My beau­ti­ful over­seas sum­mer fam­ily hol­i­day

A week tour­ing Corn­wall in a vin­tage Kombi with her hus­band and two teenagers de­liv­ered Pippa de Bruyn the hap­pi­est of hol­i­day mem­o­ries

Getaway (South Africa) - - Travel -

‘I’m not spend­ing an­other night sleep­ing in a flap­ping plas­tic bag,’ Tom said the first night we took the kids camp­ing. At least I think he said flap­ping; it was hard to hear above the gale-force wind tun­nelling through the Bain­skloof cliffs, the weight of our bod­ies the only thing an­chor­ing our newly pur­chased tent to terra firma. It wasn’t al­ways thus – in the early days of our courtship we’d had a heady week camp­ing wild in the Scot­tish High­lands, plung­ing into inky lochs and braai­ing in fields of daf­fodils. Then there was the month trav­el­ling up through the Namib to Kaokoveld and east to the Caprivi, sleep­ing on the rooftop of the Toy­ota bakkie we’d crowd­funded with our wed­ding. But the yen for soli­tary es­cape wilted with the ar­rival of a baby, sleep de­pri­va­tion, bath-time rou­tines and a crush­ing sense of re­spon­si­bil­ity. Camp­ing in the wilds didn’t seem quite so much fun any more. That’s not to say we didn’t try – there was that night in Bain­skloof, and the time in Eng­land when our youngest man­i­fested a pollen al­lergy in the tiny patch of shade we’d found amid the tall grass. The final straw was a jolly paenkind­kamp held on the school ath­let­ics field. When Tom re­turned di­shev­elled at 1am with a sleepy daugh­ter over his shoul­der, I knew the tent would never see the sun again. We had other fine fam­ily holidays and week­ends away – of course we did – but in ret­ro­spect, far too few. One minute the kids were small and in awe of us and the magic of the nat­u­ral world;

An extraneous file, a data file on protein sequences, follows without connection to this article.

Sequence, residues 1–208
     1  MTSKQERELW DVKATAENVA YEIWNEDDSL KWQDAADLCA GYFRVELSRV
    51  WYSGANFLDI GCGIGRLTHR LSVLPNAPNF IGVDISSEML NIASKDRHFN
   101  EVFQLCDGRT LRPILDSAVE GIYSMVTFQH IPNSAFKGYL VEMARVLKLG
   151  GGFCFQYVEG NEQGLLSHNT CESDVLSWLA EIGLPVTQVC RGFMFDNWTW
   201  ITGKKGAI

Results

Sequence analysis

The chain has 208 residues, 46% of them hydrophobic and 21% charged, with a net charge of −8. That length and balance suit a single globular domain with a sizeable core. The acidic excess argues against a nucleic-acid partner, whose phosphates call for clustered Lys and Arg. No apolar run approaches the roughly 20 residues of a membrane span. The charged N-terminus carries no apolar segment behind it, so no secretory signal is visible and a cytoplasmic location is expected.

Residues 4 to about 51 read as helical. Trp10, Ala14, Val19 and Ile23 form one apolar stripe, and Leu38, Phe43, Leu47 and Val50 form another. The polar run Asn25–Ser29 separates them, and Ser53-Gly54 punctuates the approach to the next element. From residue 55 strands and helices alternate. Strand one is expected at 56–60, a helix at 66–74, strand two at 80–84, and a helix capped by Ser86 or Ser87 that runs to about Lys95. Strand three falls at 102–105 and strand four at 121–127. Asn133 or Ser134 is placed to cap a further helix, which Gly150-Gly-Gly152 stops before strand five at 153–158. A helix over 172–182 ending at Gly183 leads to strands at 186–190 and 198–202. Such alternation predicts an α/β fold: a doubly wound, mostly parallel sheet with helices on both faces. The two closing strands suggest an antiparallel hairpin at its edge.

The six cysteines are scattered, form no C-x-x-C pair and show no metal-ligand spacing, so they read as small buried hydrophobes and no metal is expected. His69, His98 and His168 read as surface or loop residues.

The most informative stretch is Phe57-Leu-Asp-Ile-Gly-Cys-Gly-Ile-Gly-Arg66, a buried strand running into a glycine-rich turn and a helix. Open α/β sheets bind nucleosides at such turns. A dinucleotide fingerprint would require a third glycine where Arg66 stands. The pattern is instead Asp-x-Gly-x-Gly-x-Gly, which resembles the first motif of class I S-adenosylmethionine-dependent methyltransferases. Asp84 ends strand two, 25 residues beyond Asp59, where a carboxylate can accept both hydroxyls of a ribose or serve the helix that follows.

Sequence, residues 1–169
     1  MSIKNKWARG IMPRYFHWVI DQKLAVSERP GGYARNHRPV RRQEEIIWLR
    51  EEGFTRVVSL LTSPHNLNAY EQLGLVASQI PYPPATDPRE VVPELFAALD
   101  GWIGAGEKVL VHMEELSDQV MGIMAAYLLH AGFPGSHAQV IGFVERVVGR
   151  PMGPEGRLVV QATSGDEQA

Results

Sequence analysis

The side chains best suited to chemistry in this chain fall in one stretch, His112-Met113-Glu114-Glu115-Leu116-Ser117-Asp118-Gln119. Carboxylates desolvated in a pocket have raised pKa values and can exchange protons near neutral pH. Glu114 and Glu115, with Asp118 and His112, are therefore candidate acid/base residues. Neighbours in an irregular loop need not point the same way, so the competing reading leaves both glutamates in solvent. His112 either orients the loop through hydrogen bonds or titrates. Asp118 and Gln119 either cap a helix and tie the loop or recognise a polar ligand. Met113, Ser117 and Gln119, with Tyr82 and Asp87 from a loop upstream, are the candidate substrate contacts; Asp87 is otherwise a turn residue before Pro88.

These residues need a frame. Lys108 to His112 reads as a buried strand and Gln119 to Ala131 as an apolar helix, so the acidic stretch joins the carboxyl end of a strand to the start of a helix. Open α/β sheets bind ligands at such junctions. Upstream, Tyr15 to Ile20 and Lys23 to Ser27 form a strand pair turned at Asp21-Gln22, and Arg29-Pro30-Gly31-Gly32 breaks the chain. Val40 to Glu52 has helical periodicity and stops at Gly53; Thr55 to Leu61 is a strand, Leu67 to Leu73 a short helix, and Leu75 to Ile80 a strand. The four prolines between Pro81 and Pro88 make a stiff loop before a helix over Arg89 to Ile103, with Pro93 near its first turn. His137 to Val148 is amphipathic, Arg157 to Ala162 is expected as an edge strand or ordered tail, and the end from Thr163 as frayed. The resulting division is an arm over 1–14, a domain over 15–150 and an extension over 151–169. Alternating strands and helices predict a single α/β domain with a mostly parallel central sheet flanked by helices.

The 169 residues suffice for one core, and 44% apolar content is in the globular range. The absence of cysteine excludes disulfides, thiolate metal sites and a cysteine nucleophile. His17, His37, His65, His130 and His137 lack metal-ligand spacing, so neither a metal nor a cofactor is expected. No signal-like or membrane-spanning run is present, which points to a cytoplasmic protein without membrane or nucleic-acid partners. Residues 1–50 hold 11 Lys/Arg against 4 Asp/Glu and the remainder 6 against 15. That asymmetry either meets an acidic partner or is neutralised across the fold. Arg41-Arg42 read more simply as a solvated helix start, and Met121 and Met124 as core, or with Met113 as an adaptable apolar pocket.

the next they were rolling their eyes and mak­ing plans to trawl the mall. I should have put my foot down, should’ve slipped away on Fri­day af­ter­noons, opened the hatch and es­caped from the dreary de­mands of tidy­ing rooms and pack­ing away plates. But there was time enough, I thought. Be­sides, I wanted the in­ti­macy and can-do at­mos­phere of camp­ing com­bined with a road trip – the land­scape rolling past, un­bid­den thoughts and con­ver­sa­tions bub­bling to the sur­face, dis­cov­er­ing each other in the air­ing of in­ter­ests and trou­bles of our un­con­scious minds. One day we’d over­land to Kenya, or head off across the States, just the four of us. I’d look into home school­ing, re­search the routes. I did noth­ing of the sort. I slipped into a kind of per­verse lazi­ness, one in which you work all the time – try­ing to make money, an im­pres­sion, a legacy, I don’t know – while time con­tracts and 17 years later your daugh­ter has a learner’s li­cence and you wake up rub­bing your eyes like Sleep­ing Beauty, only with­out the beauty, blink­ing as you look around ask­ing, ‘What the hell hap­pened to the years?’ With those frayed apron strings dan­gling so loose, I started feel­ing by turns pan­icky and tear­ful. We had got to the point where we would soon play a small sup­port­ing role, largely fi­nan­cial, while our el­dest headed into the sun­set with her friends, prefer­ably – she dropped hints so heavy they may as well have been lead – in a vin­tage Kombi. It was Tom who found it. He showed me the site late one night when I was whin­ing about the fact that this July would be our last hol­i­day with two de­pen­dent chil­dren: O’Con­nors Cam­pers, a Devon-based com­pany with a small fleet of vin­tage VW Kom­bis avail­able for hire – even a few split-screens, the orig­i­nal Type 2 that first rolled off the Volk­swa­gen fac­tory floor in March 1950. O’Con­nors’ camper vans were se­ri­ously cute and looked in mint con­di­tion. ‘Shiny Norma’ caught my eye first be­cause she was the ex­act baby-pink hue favoured by our el­dest. But Shiny Norma slept five in a dou­ble bed, sin­gle bunk and two can­vas bunks. The prospect of shar­ing a 1,5 x 6m space with our two teenage daugh­ters was daunting enough; the de­bate on who got which bed would be psy­chol­o­gist­fod­der in years to come, and there was enough of that al­ready. So we set­tled on but­ter­cup-yel­low ‘I Am Spar­ta­cus’. Spar­ta­cus of­fered a dou­ble bed and a choice of four solid bunks in its roof space, a fridge, gas plate, oven, all the kitchen equip­ment you could pos­si­bly need, cheer­ful le­mon-pat­terned cur­tains and even some polka-dot bunt­ing. We typed in our dates, paid the de­posit and I ex­pe­ri­enced that bizarre semi-vi­car­i­ous rush when you think you’re do­ing some­thing that’s best for your chil­dren, when in fact you are the child. ...